We’re constantly being encouraged to be digital, to share our opinions on discussion boards, to post our photos on social media sites – but this freedom of speech can be very damaging to your personal and professional reputation. The state of California has recently introduced a law allowing teenagers to delete certain elements of their digital footprints, in the hopes of giving them a better chance of employment. But, with over a third of employers checking candidates’ social media sites during the interview process, surely it would just be better to prevent the need for damage control in the first place?

Keep track of your footprint

Search for yourself regularly online and browse the results. A lot of sites aren’t exactly forthcoming about their privacy policies – you’ll usually need to change your settings from the defaults in order to ensure your information is not searchable by anyone else. Keep on top of policy updates too, because more often than not you’ll have to opt out of new policies in order to protect your privacy.

Go through search results and remove yourself from directories and mailing lists that you may have inadvertently signed up to, as they could be storing personal information that is publicly accessible.

Use it to your advantage

Of course, the internet can be used to your advantage. You can create a positive online name for yourself that can enhance your chances of progression. Showcase your creativity by posting engaging content or interesting blog posts, so when employers search for you online, what they find are the musings of a knowledgeable and passionate employee.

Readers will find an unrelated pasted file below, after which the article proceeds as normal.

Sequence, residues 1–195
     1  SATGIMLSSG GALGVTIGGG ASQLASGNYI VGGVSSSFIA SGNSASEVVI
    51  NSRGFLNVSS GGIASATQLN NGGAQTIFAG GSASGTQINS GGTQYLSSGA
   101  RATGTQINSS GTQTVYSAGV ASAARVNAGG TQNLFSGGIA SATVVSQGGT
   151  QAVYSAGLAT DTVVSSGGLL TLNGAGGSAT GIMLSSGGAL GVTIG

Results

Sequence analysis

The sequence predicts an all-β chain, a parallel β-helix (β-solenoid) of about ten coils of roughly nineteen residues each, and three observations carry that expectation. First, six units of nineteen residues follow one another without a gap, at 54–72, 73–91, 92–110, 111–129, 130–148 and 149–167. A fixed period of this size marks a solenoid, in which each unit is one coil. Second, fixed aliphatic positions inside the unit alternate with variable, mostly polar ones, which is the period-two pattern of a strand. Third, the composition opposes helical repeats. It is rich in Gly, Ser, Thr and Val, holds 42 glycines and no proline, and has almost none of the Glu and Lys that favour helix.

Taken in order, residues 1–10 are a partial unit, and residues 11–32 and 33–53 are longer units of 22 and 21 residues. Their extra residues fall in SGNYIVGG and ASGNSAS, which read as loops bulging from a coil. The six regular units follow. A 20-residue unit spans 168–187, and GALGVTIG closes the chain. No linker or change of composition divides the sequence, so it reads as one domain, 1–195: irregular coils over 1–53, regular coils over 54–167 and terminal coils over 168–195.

Sites like LinkedIn and Twitter are the perfect place to do some professional networking. You can connect with colleagues and industry peers, contribute to online discussions, and create a strong profile that will stand out from the crowd. It’s a good idea to create separate accounts for personal and business use, so the pictures from your wild night out are kept hidden.

Don’t forget about it

Privacy policies are continually changing, and new ways of sharing information online are being developed all the time. Every time you sign up for a new site, or agree to be added to a mailing list, you are adding to your digital footprint. Every few months revisit your settings, and delete anything that you wouldn’t want your employer to see.

We are completely open with our privacy policy (if you want, you can have a read of it here!), and we will always notify our users of any changes that will affect them. Protecting the privacy of your data is a big factor, especially when using a cloud-based backup service, and so we try our best to prove security is our priority.

Ultimately, digital footprints are unavoidable; most people these days have one before they’re even born. But they’re not going anywhere, and they’re not something to be feared if you keep on top of them. Capitalise on yours and turn into your own unique selling point – it could become a unique tool for career progression.


Author: Cassie Holmes, Buddy Backup